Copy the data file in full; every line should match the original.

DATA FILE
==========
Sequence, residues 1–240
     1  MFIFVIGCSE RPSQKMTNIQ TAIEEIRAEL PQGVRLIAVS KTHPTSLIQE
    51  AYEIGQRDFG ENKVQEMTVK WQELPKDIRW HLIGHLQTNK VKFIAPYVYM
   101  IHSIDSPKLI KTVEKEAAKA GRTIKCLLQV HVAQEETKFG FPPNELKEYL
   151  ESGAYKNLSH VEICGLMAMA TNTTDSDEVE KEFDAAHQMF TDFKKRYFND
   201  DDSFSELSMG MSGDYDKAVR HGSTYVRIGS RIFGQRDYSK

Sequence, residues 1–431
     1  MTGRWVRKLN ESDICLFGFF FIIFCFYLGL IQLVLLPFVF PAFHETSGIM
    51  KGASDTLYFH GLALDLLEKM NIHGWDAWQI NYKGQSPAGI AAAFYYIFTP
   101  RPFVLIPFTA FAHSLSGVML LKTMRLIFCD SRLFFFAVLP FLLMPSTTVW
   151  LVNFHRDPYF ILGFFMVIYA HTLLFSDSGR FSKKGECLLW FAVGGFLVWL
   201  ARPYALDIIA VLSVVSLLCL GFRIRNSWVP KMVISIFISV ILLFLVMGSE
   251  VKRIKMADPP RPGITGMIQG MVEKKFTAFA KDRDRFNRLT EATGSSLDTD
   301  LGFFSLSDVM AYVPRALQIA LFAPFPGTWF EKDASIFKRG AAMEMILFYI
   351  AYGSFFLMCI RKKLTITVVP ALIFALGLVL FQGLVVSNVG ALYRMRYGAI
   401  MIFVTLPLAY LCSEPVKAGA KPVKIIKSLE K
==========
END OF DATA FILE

Sequence, residues 1–240
     1  MFIFVIGCSE RPSQKMTNIQ TAIEEIRAEL PQGVRLIAVS KTHPTSLIQE
    51  AYEIGQRDFG ENKVQEMTVK WQELPKDIRW HLIGHLQTNK VKFIAPYVYM
   101  IHSIDSPKLI KTVEKEAAKA GRTIKCLLQV HVAQEETKFG FPPNELKEYL
   151  ESGAYKNLSH VEICGLMAMA TNTTDSDEVE KEFDAAHQMF TDFKKRYFND
   201  DDSFSELSMG MSGDYDKAVR HGSTYVRIGS RIFGQRDYSK

Sequence, residues 1–431
     1  MTGRWVRKLN ESDICLFGFF FIIFCFYLGL IQLVLLPFVF PAFHETSGIM
    51  KGASDTLYFH GLALDLLEKM NIHGWDAWQI NYKGQSPAGI AAAFYYIFTP
   101  RPFVLIPFTA FAHSLSGVML LKTMRLIFCD SRLFFFAVLP FLLMPSTTVW
   151  LVNFHRDPYF ILGFFMVIYA HTLLFSDSGR FSKKGECLLW FAVGGFLVWL
   201  ARPYALDIIA VLSVVSLLCL GFRIRNSWVP KMVISIFISV ILLFLVMGSE
   251  VKRIKMADPP RPGITGMIQG MVEKKFTAFA KDRDRFNRLT EATGSSLDTD
   301  LGFFSLSDVM AYVPRALQIA LFAPFPGTWF EKDASIFKRG AAMEMILFYI
   351  AYGSFFLMCI RKKLTITVVP ALIFALGLVL FQGLVVSNVG ALYRMRYGAI
   401  MIFVTLPLAY LCSEPVKAGA KPVKIIKSLE K